Craving protein, we began to frequent a market near our flat for fresh fish. We’d never gone down the narrow lane leading to it until then. I wrote an aerogram home describing how two gypsy men in red turbans sometimes stood on either side of the entrance to the lane, looking like two torches. Wow. That image was the seed of an adventure novel about India which I knew one day I would write. It took more than 30 years to realize that dream. Inside the ancient-looking marketplace were poor merchants squatting behind vegetables, chickens, fish spread out on cloths or flat stones. In a busy part of the bazaar two Narikurava men held freshly cleaned wild fowls dangling from strings. It reminded me of Sanskrit writings describing tribal fowlers.
The Narikuravas were so colorful and fascinating. They had a bad rep—for sending trained monkeys into homes to pilfer, etc., as all gypsies do. In the modern culture of India I never saw these people included as equals. I wanted to tell a story in which Narikuravas helped others accomplish a difficult task, using their talents and skills.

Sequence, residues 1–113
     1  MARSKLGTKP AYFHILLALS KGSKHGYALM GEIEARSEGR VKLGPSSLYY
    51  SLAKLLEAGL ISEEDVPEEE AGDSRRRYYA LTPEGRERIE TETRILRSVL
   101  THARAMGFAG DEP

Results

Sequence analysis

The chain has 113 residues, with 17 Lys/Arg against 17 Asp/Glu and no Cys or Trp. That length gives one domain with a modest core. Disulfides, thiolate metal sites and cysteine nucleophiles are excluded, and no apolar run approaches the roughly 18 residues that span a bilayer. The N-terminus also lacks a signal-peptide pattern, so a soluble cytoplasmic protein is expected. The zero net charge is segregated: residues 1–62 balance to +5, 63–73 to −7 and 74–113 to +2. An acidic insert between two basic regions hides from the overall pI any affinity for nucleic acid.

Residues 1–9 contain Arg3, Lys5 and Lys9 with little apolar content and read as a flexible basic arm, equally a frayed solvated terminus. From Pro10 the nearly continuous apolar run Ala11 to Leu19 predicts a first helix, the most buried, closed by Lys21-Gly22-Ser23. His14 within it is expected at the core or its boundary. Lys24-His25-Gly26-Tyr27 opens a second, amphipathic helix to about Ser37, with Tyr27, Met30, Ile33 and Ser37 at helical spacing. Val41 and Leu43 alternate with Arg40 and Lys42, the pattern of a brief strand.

I gathered everything I could find written about their lives. I talked with them, even though we shared few common vocabulary words. I bargained with them for beads and jackal horns. I shared food with the ones who begged. I corresponded with a couple of European scholars who spent time conducting in-depth research about their customs. I collected factual information, wrote a research paper and presented it at a conference. I arranged for royalties of my Oxford University Press books to be given to a non-profit which supports Narikurava education and cottage industries.
Later, after teaching and working on academic projects for many years, I turned to creative writing projects which would allow me to tell stories about the India I had experienced—people and places, sounds and smells, dawns and rains. Being far from home gives perspectives and experiences I never could have imagined. I’m glad when people warned me “Don’t get involved with gypsies” I ignored their advice.
William J. Jackson twitter @tsalabagundi